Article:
menu

Travelers Cas. & Sur. Co. v. Gerling Global Reinsurance Corp. of Am.

Issue Discussed: Follow the Fortunes / Settlements

Submitted by Cecilia Froelich Moss, David Byowitz

Date Promulgated: August 18, 2005

Travelers Cas. & Sur. Co. v. Gerling Global Reinsurance Corp. of Am., 419 F.3d 181 (2d Cir. 2005)

Court: United States Court of Appeals for the Second Circuit

Issues Decided: Whether the follow-the-fortunes doctrine applies to a cedent’s post-settlement allocation, where the allocation is allegedly inconsistent with the settlement.

Factual Background:

Travelers entered a settlement with its policyholder, Owens-Corning, to resolve an arbitration regarding coverage of non-product asbestos claims under various policies issued by Travelers.

In the underlying coverage arbitration, Travelers took the position that all of Owens-Corning’s claims, both products and non-products, arose out of a single occurrence; Owens-Corning contended that its claims arose out of multiple occurrences.   Travelers paid approximately one additional occurrence limit to settle with Owens-Corning, but the settlement explicitly disclaimed any particular theory of coverage, and so did not resolve the occurrence issue.

Travelers then allocated the settlement among its policies as a single additional occurrence of non-products claims, using the rising bathtub method of allocation.  This allocation quickly exhausted its primary limits, and assigned substantial liability to excess policies, including policies reinsured by Gerling.

Gerling refused to pay, and Travelers filed suit.  Gerling moved for summary judgment, arguing that by settling, Travelers had necessarily accepted that there were multiple occurrences.  Gerling argued that the follow-the-fortunes doctrine did not apply to Travelers’ allocation because it was inconsistent with the underlying settlement.  The district court held that the doctrine prevented a reinsurer from second-guessing the settlement, but that it was inapplicable here because Gerling was trying to enforce, rather than second-guess, the settlement.  Travelers appealed.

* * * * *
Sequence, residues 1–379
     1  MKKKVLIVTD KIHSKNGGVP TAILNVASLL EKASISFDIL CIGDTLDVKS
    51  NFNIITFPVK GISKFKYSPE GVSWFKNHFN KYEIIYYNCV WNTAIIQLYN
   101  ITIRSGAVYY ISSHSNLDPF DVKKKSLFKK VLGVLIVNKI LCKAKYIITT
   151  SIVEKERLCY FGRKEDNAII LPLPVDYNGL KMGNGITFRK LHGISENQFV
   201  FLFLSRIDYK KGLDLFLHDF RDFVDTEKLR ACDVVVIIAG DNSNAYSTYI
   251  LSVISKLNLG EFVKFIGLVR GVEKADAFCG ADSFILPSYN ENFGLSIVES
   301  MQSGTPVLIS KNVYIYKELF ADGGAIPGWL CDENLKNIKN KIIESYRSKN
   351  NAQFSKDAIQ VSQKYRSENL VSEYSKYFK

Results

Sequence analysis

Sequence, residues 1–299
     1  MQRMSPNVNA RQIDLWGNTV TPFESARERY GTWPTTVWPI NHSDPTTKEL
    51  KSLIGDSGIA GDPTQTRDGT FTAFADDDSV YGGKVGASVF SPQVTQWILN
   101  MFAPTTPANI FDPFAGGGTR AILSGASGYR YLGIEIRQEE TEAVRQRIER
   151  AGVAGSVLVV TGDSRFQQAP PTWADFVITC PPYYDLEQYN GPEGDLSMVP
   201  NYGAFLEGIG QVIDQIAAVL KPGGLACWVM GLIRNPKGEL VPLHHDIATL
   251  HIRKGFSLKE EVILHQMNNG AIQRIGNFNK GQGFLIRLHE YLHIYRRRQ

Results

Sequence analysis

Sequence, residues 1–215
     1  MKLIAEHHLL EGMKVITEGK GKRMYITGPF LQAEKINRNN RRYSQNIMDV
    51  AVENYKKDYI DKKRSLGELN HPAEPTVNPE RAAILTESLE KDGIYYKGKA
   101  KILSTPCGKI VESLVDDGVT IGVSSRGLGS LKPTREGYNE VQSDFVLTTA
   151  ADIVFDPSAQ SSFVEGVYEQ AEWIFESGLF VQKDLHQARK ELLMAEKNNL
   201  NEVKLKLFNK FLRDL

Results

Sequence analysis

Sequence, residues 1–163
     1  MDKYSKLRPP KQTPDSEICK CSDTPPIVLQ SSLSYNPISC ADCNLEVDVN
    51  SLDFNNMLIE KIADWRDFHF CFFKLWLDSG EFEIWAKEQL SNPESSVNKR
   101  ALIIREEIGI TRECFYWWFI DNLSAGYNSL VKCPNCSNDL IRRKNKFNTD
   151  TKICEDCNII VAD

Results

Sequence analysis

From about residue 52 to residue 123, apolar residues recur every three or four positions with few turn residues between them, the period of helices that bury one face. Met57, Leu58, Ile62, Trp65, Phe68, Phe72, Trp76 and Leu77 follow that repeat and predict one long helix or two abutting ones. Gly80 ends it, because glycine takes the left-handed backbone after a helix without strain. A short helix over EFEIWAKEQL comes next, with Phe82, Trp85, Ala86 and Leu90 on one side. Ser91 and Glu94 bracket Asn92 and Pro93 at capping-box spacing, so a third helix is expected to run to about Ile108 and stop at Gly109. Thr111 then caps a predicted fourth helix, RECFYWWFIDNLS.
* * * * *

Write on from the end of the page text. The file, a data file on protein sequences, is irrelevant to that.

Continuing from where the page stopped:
Key Holding:

Follow the Fortunes

The Second Circuit found that its recent decision in North River Ins. Co. v. ACE Am. Reinsurance Co., 361 F.3d 134 (2d Cir. 2004),[2] controlled.  In North River, the Court held that follow-the-fortunes applies to a cedent’s post-settlement allocation, even if inconsistent with its pre-settlement analysis, as long as it is reasonable, made in good faith, and within the policy.

In this case, the only factual distinction with North River was that North River involved allegations that the cedent’s allocation conflicted with a pre-settlement litigation analysis that the cedent conducted.  As such, the Court found Travelers’ case here was stronger than the prevailing cedent’s case in North River, because it was allocating based on the theory that it advanced during arbitration.  Further, Travelers never rejected its one-occurrence theory, because the settlement explicitly declined to resolve the issue.

Finally, the Second Circuit rejected Gerling’s claims that Travelers acted in bad faith, that the settlement was outside the scope of the policies, and that the settlement was unreasonable.  It reversed and ordered the district court to enter summary judgment for Travelers.

Key Takeaways:

“A cedent’s post-settlement allocation is subject to follow-the-fortunes, regardless of any pre-settlement position taken by the cedent, whether that position is articulated in a pre-settlement risk analysis, or implicit in the settlement with the underlying insured.”

“Follow-the-fortunes extends to a cedent’s post-settlement allocation decisions . . . as long as the allocation meets the typical follow-the-fortunes requirements, i.e. is in good faith, reasonable, and within the applicable policies.”

 

* Cecilia Froelich Moss is a founding partner of Chaffetz Lindsey LLP, where her practice focuses on representing major insurance companies in reinsurance disputes and in coverage litigation.  Ms. Moss also handles large scale commercial disputes in court and in international arbitration.

* David Byowitz is an associate of Chaffetz Lindsey LLP, and has experience representing clients in reinsurance disputes and commercial litigation.

[2] https://www.arias-us.org/law_committee_report/north-river-ins-co-v-ace-american-reins-co/